What Is a HAS_A Relationship in C++?

By Stephen R. Davis

In an example for a C++ program, suppose the class GraduateStudent includes the members of class Student and Advisor, but in a different way. By defining a data member of class Advisor, you know that a Student has all the data members of an Advisor within it.

However, you can’t say that a GraduateStudent is an Advisor — instead you say that a GraduateStudent HAS_A Advisor. What’s the difference between this and inheritance?

Use a car as an example. You could logically define a car as being a subclass of vehicle, so it inherits the properties of other vehicles. At the same time, a car has a motor. If you buy a car, you can logically assume that you are buying a motor as well.

If friends ask you to show up at a rally on Saturday with your vehicle of choice and you go in your car, they can’t complain (even if someone else shows up on a bicycle) because a car IS_A vehicle.

But, if you appear on foot carrying a motor, your friends will have reason to laugh at you because a motor is not a vehicle. A motor is missing certain critical properties that all vehicles share — such as a place to ride.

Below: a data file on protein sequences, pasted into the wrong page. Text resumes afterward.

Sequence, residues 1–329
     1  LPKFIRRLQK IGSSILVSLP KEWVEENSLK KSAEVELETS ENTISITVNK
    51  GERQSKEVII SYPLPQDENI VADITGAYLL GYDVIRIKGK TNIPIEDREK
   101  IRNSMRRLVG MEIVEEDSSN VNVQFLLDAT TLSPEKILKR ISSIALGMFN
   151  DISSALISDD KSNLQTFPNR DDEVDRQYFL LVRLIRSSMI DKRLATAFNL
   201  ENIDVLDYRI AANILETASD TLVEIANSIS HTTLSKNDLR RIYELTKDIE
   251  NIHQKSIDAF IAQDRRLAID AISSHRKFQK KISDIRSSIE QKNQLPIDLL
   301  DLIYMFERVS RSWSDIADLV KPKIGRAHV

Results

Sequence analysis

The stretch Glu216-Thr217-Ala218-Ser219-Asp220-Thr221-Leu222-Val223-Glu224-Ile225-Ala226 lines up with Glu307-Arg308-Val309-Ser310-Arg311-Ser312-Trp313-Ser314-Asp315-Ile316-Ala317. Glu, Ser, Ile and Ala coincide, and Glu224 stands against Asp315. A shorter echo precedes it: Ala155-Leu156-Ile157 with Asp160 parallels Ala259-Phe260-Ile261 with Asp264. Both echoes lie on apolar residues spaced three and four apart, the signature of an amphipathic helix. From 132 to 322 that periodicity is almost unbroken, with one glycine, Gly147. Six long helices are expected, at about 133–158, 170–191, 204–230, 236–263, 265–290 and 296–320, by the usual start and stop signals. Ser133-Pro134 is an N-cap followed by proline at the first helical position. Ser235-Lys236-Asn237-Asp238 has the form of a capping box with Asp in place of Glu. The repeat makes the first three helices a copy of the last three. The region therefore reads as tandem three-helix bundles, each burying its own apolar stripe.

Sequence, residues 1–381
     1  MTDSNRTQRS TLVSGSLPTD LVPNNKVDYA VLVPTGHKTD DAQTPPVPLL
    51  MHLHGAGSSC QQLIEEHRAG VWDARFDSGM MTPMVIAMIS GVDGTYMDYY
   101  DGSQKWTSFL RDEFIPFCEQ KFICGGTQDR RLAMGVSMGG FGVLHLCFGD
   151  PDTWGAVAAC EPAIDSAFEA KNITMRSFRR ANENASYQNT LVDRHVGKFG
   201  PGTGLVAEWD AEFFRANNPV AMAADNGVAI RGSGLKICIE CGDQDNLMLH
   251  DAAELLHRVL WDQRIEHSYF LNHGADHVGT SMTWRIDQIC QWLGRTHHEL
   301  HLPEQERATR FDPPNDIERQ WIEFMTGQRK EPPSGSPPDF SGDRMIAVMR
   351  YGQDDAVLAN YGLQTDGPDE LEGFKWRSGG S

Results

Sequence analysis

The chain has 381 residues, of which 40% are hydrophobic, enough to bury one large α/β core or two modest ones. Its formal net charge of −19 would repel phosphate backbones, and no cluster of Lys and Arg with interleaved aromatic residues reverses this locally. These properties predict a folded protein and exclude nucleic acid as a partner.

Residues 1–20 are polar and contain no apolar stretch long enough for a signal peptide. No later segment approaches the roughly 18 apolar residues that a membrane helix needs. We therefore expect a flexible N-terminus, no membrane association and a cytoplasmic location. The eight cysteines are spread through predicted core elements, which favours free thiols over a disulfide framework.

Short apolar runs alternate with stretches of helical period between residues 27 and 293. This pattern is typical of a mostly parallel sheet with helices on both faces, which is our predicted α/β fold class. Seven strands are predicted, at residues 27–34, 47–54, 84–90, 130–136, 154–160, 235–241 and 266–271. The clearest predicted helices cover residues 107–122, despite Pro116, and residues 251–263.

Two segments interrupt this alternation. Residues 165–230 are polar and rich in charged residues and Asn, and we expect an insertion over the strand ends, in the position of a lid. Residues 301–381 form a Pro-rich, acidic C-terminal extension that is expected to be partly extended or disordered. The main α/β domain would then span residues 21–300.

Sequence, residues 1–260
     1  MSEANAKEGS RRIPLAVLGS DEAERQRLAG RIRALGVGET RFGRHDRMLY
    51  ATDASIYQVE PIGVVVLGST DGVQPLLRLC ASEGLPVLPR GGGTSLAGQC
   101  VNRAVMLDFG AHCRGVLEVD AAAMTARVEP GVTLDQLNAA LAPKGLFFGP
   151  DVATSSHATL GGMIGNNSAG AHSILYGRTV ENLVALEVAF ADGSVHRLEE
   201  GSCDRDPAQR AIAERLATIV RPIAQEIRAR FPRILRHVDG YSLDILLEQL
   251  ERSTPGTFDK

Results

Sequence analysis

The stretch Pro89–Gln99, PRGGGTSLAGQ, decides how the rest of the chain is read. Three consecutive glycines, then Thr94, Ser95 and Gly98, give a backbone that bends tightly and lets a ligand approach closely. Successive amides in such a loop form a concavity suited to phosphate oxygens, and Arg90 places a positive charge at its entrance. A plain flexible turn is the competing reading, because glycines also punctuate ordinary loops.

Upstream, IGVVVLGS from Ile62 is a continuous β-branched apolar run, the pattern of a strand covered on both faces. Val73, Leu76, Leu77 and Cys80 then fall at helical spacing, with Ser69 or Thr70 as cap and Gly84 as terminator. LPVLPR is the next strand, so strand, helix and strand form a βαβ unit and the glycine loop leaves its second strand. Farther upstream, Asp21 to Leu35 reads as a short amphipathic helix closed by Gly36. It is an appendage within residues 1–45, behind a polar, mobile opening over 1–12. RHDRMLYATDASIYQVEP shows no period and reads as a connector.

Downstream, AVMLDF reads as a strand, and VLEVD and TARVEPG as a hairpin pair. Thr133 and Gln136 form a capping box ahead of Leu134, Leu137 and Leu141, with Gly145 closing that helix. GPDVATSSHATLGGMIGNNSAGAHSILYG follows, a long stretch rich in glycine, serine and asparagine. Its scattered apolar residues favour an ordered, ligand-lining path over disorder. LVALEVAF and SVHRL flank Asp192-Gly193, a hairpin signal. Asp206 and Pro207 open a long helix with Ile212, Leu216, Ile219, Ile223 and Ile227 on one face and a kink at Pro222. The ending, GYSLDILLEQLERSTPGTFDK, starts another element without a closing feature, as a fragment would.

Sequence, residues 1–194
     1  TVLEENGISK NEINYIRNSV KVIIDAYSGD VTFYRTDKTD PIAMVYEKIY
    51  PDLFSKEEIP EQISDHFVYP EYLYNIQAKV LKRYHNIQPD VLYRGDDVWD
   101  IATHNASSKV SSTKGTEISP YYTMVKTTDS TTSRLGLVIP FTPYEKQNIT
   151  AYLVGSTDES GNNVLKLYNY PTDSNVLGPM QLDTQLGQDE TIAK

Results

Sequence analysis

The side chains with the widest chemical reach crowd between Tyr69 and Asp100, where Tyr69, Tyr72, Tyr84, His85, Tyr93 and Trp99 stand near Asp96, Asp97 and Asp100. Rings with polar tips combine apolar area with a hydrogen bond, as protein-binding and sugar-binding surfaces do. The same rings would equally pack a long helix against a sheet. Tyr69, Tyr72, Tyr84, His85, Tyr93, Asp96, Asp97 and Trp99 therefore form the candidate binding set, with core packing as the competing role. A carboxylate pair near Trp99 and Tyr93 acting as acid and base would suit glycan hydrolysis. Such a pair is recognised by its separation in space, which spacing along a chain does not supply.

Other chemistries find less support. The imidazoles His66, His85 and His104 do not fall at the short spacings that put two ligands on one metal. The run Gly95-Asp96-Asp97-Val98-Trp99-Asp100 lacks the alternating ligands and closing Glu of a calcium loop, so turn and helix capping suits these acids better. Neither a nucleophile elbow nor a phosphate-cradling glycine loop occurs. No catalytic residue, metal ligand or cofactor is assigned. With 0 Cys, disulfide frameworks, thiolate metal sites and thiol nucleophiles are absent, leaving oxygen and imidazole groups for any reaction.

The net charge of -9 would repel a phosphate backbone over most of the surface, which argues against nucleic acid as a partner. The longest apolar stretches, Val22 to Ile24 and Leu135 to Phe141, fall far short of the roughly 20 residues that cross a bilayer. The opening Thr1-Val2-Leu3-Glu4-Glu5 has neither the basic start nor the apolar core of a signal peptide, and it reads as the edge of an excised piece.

From a programming standpoint, the HAS_A relationship is just as straightforward. Consider the following:

class Vehicle {};
class Motor {};
class Car : public Vehicle
{
  public:
    Motor motor;
};
void VehicleFn(Vehicle& v);
void MotorFn(Motor& m);
int main(int nNumberofArgs, char* pszArgs[])
{
    Car car;
    VehicleFn(car);    // this is allowed
    MotorFn(car);      // this is not allowed
    MotorFn(car.motor);// this is allowed
    return 0;
}

The call VehicleFn(c) is allowed because car IS_A vehicle. The call MotorFn(car) is not because car is not a Motor, even though it contains a Motor. If the intention were to pass the Motor portion of c to the function, this must be expressed explicitly, as in the call MotorFn(car.motor).